Posted on May 10th, 2011 (1:00 pm) by Bo Smothers

“Supergroup” is a dangerous word. For some, it conjures memories of musical triumphs; winning combinations of various talents that together made (in some cases) music greater and more endearing than what the individual parties created on their own. Bands like Crosby, Stills and Nash; The Traveling Wilburys; and The Highwaymen. For others, however, the term supergroup is more of a dirty word, describing more often than not the disappointment in, and sometimes utter failure of, individually talented artists that when working together, only manage to eke out crap. After all, if you blend all the colors of the rainbow, what you're left with is mud brown.

So, when I tell you that 8in8 is, in fact, a supergroup – self described as “Tomorrow's supergroup today” - comprised of Amanda Palmer, her husband Neil Gaiman, Ben Folds and OK Go's Damian Kulash, I beg members of the latter opinion of supergroups to hold off their judgment when I give this second fun fact about their album, Nighty Night:

That it was completely written and recorded within a 12-hour period, and is just 19 minutes in total length. And that it's also one of the best pop albums I've heard in quite some time.

But onto the music, all glorious six songs. Nighty Night hits the ground sprinting with “Nikola Tesla”, a light, funny and overwhelmingly energetic love song describing Palmer's imagined tryst with the underdog inventor, which is fueled by Palmer's dark, choppy and aggressive chamber-pop piano riffs and breathless rushes of lyricism. High quality, intelligent lyrics are present throughout the album, thanks to, according to Amanda Palmer, wordsmith Neil Gaiman. The song is never without the melodic drive of Palmer's piano, and is undoubtedly as fast-paced as the album ever gets, and also as about “Amanda Palmer” as the album ever gets. That is to say, Palmer fans will find a track to love in “Nikola Tesla”, sounding like an unreleased B-side from the Dresden Dolls mastermind.

The next track, “Because The Origami”, slows down the pace dramatically. The song, still held aloft by a strong, if surprisingly sad, piano line – this time played by Ben Folds – is initially a neat, sarcastic nudge on modern child rearing, sung in duet between Folds and Palmer. The lyrics of “Origami” match its melancholy tone: “you took the shoes and ran away / We gave them your description / now we haven't heard a thing in weeks.” The song, in short, provides a more thoughtful counterpoint to the energetic opening track, a slower uppercut to complement “Nikola Tesla”’s preliminary jab.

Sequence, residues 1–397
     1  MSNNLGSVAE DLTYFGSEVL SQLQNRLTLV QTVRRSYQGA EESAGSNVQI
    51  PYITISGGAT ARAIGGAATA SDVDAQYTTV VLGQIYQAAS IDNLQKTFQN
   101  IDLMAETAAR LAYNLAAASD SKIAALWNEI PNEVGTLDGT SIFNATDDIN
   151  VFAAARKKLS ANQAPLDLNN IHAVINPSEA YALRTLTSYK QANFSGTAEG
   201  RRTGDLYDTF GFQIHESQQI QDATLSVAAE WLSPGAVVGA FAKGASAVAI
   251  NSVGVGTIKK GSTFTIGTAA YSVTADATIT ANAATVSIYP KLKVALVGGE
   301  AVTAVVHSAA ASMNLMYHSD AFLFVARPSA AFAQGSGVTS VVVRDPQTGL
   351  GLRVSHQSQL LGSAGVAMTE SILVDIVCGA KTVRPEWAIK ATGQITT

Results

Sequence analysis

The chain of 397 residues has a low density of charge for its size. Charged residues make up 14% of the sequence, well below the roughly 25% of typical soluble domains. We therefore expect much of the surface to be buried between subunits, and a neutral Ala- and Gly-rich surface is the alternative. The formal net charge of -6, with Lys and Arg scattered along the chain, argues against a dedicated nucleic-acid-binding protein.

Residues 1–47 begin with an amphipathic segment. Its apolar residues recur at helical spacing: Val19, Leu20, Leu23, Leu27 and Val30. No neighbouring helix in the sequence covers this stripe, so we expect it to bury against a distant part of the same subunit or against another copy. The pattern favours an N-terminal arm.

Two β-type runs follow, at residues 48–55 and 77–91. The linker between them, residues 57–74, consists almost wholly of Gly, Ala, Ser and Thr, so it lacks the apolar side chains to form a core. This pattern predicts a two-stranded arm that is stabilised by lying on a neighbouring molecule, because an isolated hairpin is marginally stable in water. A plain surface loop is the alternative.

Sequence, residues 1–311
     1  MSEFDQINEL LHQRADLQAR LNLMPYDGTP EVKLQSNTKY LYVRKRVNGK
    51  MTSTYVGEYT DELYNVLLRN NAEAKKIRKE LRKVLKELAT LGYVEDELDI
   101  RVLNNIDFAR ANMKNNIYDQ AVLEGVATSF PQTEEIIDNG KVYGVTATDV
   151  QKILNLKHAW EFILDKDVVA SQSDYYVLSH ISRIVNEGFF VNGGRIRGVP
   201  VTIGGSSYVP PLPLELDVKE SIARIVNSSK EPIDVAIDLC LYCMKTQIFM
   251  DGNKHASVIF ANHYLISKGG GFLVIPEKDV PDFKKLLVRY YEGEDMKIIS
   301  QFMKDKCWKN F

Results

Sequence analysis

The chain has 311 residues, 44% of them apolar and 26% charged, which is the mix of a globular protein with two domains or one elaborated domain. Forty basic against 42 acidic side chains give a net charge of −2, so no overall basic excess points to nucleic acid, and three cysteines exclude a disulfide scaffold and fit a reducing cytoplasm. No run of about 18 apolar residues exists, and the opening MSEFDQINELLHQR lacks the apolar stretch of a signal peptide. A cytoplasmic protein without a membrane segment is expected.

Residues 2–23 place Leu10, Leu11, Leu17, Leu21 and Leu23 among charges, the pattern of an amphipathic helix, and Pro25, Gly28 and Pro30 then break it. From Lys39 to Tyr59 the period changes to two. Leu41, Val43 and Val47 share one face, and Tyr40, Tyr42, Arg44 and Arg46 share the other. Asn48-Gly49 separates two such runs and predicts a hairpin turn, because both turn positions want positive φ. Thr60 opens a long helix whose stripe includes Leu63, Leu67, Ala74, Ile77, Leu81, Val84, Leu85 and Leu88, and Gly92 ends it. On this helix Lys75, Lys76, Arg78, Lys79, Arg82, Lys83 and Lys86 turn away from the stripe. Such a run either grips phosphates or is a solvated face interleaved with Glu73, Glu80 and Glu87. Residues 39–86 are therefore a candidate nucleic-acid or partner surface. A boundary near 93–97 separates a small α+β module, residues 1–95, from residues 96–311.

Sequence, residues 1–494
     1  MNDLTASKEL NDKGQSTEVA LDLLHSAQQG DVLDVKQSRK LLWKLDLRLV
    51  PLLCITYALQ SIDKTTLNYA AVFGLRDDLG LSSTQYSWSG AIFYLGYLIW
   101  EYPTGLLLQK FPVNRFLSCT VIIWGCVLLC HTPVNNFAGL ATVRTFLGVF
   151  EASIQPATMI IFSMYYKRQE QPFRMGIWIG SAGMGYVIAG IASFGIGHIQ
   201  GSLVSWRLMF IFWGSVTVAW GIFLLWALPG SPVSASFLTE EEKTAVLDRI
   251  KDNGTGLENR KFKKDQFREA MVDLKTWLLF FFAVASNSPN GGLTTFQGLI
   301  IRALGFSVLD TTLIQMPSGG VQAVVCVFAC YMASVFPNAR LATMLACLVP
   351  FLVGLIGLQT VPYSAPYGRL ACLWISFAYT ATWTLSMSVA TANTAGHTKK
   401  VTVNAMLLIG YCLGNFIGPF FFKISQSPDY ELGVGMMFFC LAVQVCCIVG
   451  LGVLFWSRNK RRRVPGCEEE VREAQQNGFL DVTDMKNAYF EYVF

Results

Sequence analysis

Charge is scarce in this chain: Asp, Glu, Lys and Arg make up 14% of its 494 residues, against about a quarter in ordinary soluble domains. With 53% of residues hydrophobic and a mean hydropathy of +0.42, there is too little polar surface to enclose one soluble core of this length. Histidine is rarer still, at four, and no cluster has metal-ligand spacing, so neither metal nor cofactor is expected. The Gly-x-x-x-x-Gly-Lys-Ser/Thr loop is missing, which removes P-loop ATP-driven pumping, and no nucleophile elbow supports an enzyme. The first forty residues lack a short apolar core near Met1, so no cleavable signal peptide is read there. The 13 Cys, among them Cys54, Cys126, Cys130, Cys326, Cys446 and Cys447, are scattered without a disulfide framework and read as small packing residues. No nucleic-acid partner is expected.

Next comes “One Tiny Thing”, the track in which I feel 8in8 really hit their stride, managing to buoy comfortably in between the energetic heights of the first track, and the moodiness of the second. This song, voiced by Damian Kulash, is moved forward melodically by semi-waltzy, dissonant piano chords (notice a trend?) and kept in rhythm by remarkably well balanced and well timed handclaps and stomping, especially considering the short time frame. What makes it great however, is that whereas all other songs on the album reflect, to some degree, the individual styles of the artist singing, “One Tiny Thing” has a timbre of it's own, and a damn catchy one at that. It's a slow moving, sometimes bluesy, strange little song in a minor key, and it has that indefinable playlist factor that guarantees this song running through your iPod for months to come.

The next two songs, “Twelve Line Song” and “I'll Be My Mirror”, are both hilarious, driven by light, twinkling piano lines, and exceedingly evocative of Ben Folds' and Amanda Palmer's trademark sound, respectively. The first describes “a squirrel kill[ing] himself / in my bath...one tiny furry tragedy” and the second “a tiny asian woman screaming in the street today.” “The Problem with the Saints” is in some ways a second high point for the album. Voiced by Neil Gaiman in his performance debut, his droll narration is a nice juxtaposition to the lyrics, which are poetic and violent in turns, displaying better than any other of the songs Gaiman's writing style. And melodically? You guessed it--the brunt of the burden is being carried by Palmer's stabbing blues piano, complete with her own solo. A fitting capstone to such a fantastic album.

The album is, in short, a triumph, belonging to that first category of supergroups, perhaps not up there with the likes of CSN&Y's Déjà Vu, but certainly a great deal better than anything Them Crooked Vultures have ever released, and just hair above or below – depending on your musical tastes – Dark Night of The Soul. This is for many reasons – the piano, the lyricism, the astonishing production value considering the time constraints – but one more important than the rest. It's that for the most part, the individual members of 8in8 retained their musical personalities, rather than changing styles to fit the image of the new band. Everyone in 8in8 did what they saw fit, and in doing so, managed to create the wonderful Nighty Night.

Track List:

1. Nikola Tesla
2. Because The Origami
3. One Tiny Thing
4. Twelve Line Song
5. I'll Be My Mirror
6. The Problems With Saints

Purchase at: Amazon | eMusic

Our Rating

88 / 100
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